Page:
Filter: The Sun Comes Out Tonight

Filter: The Sun Comes Out Tonight


Rating: ★★★¾☆ 

Filter have never really lived up to the promise of their first record Short Bus. Certainly the records which followed had their own merits, but Short Bus had something special — the single “Hey Man, Nice Shot.” There’s no shame in making a fantastic single which has an unusually broad appeal to mainstream music fans — especially at a time when Nine Inch Nails and Ministry were still relegated to the then-damning category of “alternative music.” Having introduced themselves so successfully, they made the brilliant move of crashing down any remaining barriers with “Take a Picture” from Title of Record. For fans of either or both of those singles, The Sun Comes Out Tonight is a welcome recreation of Filter’s most popular work.

The electro-rock begins immediately on the opening bars of “We Hate It When You Get What You Want.” An unabashedly simple guitar sample, muted bass kick and hi-hat are a timid contrast to Richard Patrick’s unmistakably searing rasp. He lets the listener know this record is going back to the original pissed off basics when the song unleashes after a few bars with lines like, “Sit yourself down/ Sit yourself down, motherfucker!” All the elements of Short Bus are immediately identifiable — from the heavy use of layered distortion effects to incredibly catchy hooks that tap into the most visceral teenage angst. This is more than simply the sound of Filter, it’s the sound of Filter as they began six records ago. More recent records have seen them experiment in trying to find an identity among rock and metal fans and while somewhat consistent in quality, they never quite nailed their former glory. “What Do You Say” nails it completely despite the disappointingly unironic refrain, “Hey, hey, what do you say!” The sound of the impossibly overdriven guitar is powerful enough to allow the skeptics to momentarily forget how jaded they may have become.

The question of whether or not this record has any greater goals than appealing to the original fans is answered on “Surprise” and “Watch the Sun Come Out Tonight.” The former begins with the same organic guitar strum that formed the basis for their break-out radio hit “Take a Picture,” but what comes completely unexpected is the ‘80s era keys which walk up the scale in answer to the refrain. “Surprise, surprise for you/ No lies, just eyes for you/ Teach me all that you know/ So that I will bask in your glow.” Whether this is a love song or a gospel song (ambiguity which may well be intentional), it has all of the elements of a radio hit waiting to happen. “Watch the Sun Come Out Tonight” succeeds quite remarkably in mixing trance-like synths in the background with Patrick’s vocoded chorus over the signature heavy riffage. It’s something that is hard enough to attempt on paper, but Filter balances anthem and anger with precision.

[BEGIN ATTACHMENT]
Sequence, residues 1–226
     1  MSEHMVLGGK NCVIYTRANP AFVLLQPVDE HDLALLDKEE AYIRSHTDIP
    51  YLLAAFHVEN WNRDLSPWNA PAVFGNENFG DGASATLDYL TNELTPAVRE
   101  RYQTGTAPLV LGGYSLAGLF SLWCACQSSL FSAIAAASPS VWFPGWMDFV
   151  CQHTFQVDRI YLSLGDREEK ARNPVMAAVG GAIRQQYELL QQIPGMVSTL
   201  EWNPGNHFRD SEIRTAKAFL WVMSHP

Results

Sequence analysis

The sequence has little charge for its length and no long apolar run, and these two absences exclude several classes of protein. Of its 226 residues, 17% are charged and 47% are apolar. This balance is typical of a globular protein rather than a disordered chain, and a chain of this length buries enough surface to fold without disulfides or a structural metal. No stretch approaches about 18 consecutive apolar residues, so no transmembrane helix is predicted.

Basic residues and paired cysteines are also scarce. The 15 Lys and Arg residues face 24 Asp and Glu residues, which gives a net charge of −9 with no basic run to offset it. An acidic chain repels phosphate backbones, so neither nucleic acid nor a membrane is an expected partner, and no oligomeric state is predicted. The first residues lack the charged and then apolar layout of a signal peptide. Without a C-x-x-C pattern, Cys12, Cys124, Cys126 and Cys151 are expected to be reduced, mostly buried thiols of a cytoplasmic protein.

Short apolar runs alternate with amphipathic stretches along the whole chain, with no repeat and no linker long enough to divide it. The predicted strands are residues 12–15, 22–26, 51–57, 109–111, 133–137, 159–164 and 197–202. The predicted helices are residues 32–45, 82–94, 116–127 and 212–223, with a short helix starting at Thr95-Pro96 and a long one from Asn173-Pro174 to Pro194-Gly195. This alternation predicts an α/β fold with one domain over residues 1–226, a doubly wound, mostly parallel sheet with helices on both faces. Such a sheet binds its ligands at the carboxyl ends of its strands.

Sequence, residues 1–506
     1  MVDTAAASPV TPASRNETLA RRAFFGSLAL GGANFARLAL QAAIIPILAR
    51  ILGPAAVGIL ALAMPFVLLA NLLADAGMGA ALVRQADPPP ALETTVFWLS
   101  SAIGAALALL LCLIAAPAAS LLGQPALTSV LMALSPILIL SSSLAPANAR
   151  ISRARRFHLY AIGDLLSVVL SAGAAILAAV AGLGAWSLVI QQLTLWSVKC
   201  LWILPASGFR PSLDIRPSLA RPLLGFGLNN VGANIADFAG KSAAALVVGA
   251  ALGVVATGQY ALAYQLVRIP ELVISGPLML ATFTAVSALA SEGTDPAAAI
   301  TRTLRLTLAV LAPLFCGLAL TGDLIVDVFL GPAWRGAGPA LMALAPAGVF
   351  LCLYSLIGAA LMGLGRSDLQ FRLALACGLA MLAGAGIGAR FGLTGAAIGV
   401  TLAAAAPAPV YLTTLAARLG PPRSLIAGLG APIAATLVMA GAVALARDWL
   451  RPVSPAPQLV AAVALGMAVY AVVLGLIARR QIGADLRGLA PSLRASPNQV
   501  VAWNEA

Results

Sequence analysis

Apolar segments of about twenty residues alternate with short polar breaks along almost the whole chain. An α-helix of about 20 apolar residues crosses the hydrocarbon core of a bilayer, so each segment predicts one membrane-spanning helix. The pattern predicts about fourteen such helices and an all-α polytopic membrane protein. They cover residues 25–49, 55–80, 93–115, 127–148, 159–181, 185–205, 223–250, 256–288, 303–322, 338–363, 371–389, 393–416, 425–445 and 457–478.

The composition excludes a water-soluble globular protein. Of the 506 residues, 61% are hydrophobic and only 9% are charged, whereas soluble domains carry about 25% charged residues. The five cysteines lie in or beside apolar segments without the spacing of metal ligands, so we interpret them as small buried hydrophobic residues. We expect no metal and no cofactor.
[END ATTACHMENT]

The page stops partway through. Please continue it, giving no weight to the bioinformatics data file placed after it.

“It’s Got to Be Right” simply does it all over again — the deep grungy bass, the unstoppable guitar riffs. If you removed the vocal melody you’d be hard pressed to differentiate it from the other tracks on the record, but it’s exactly that element that makes these songs ear worms. Even played in a different order they might have a completely different appeal, but presented as a mix of hard and soft, metal and pop, this record is ripe for repeat listens.

“Self Inflicted” is “Hey Man, Nice Shot” but instead of “Hey man, nice shot!” Patrick is screaming out, “Hey!/ Now who’s listening?!/ That’s what I thought!” If the similarities seem somewhat on the nose, it seems very intentional and may redeem them with fans whose interest might have waned in recent years. Sometimes a back to basics approach is the best option — particularly when your basics shake the walls.

“First You Break It” is the most bubble-gum track on the record and seems to go a step further than even “Take a Picture” did into the radio friendly world. Patrick even abandons the rasp on this track in favor of a smooth, almost parental condescension. It’s easily forgotten, however, as “Burn It” and “Take That Knife Out of My Back” unleash the betrayal rage once again.

The record closes on “It’s Just You,” an irresistibly straightforward pop ballad. It acts as a sort of summary on the listening experience so far, wrapping it all up on a relaxing but upbeat note. A solid record through to the end, if it doesn’t put Filter on the map for new audiences, then at least existing fans will be reminded to dust off their entire collection again. With electronic music being presently dominated by various sub-genres of dance music and a new Nine Inch Nails release right on the horizon, the time is right to remind people that the genre is free to rock again.

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